Submitted by Heather Cole
Dear Mr. Comissiong,
My mother had a saying, that “time mek a change.” I do not recall how old I was when I asked her what she meant by this. Her explanation was that something profound occurred from which there was no going back. It is that something that is always responsible for change. While I have been looking and waiting for a sign that change is about to come, I realized that one can be in the midst of change and never realize it until that something tilts the balance.
At every occurrence that has affected Barbados nationally, I wondered if it was the catalyst for which I was awaiting. In my watch, I believe that I may have almost missed that sign that was right beneath my nose until something that I read only yesterday resonated with me and caused me to stop and to think.
Yesterday I read an article about the Black Lives Matter Movement. My take away from that was that a movement, no matter how great it is will lose focus or disintegrate or become detached from the next generation unless there is political mobilization to activate change. Two cases that were mentioned were the Civil Rights Movement of the 1960’s and Occupy Wall Street. They had both reaped some measure of successes but then never went on to the next stage which is to become cemented into a body or institution. We refer to the civil rights movements as a historical occurrence while the occupation of Wall Street seems to have become almost forgotten.
While some persons speak out about corruption, Barbados does not have a protest movement. No group of people has publicly stood up against corruption. The closest thing that we have had in terms of a movement since the 1930’s was the activity that occurred on that Facebook page “Bajans against $700M Waste to Energy Plant.” I do believe that the group reaped some measure of success in preventing the plant from being built in Barbados. Sadly the group’s management never aligned with my point of view that the next step was to form a political party. The once vibrant and active page has become a group without a focus. The fight against the Cahill plant should have been the preparation for a full onslaught against corrupt practices in Barbados.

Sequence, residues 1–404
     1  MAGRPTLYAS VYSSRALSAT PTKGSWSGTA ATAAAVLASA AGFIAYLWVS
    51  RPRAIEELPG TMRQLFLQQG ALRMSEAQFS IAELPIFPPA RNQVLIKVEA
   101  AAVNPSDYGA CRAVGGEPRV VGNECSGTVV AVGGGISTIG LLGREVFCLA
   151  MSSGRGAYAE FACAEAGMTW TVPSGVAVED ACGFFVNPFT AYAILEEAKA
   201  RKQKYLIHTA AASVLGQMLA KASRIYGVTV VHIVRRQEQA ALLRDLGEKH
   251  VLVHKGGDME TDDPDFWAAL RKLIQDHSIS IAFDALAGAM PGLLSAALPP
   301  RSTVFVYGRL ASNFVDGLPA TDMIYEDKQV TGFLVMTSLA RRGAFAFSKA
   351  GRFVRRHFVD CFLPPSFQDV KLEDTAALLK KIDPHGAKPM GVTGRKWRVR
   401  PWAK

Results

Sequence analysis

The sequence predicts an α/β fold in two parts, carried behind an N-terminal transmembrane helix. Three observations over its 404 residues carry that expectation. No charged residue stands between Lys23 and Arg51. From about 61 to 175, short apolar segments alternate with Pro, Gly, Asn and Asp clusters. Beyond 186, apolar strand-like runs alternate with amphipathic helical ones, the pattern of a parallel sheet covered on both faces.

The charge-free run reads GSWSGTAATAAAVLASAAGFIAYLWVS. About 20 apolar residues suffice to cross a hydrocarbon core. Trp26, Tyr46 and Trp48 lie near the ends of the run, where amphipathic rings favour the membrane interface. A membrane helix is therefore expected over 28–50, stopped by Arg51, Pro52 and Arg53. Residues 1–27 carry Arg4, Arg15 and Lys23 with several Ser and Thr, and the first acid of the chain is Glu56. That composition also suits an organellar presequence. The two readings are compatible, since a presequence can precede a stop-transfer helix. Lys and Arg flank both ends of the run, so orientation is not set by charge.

Number one on my watch list was for a leader to emerge. A leader in every sense of the word; confident, fearless who is more than willing to stand up for what they believe in, someone who is not easily swayed and someone who holds his ground and is not afraid to stand up to the government.
As we stood by and watched, you took the government to Court regarding the unconstitutionality of being finger-printed multiple times as a security measure. When you won we all cheered from the sidelines. Then last Friday, you wrote an article in the midst of Kadooment. It was an article that reminded me of a soldier’s valiant efforts to hold the old fort down against opposing forces. The only thing that was not written in that article was a call to mobilize. Yet the people heard the unwritten call and responded with a testament of over 1000 shares on Facebook from Barbados Underground blog.
I have dared to think that you may be the leader of a new movement for change in Barbados and that with a re-branded People’s Empowerment Party can become a viable third party option in Barbados. Are your actions and the response of the public my sign that “time mek a change?”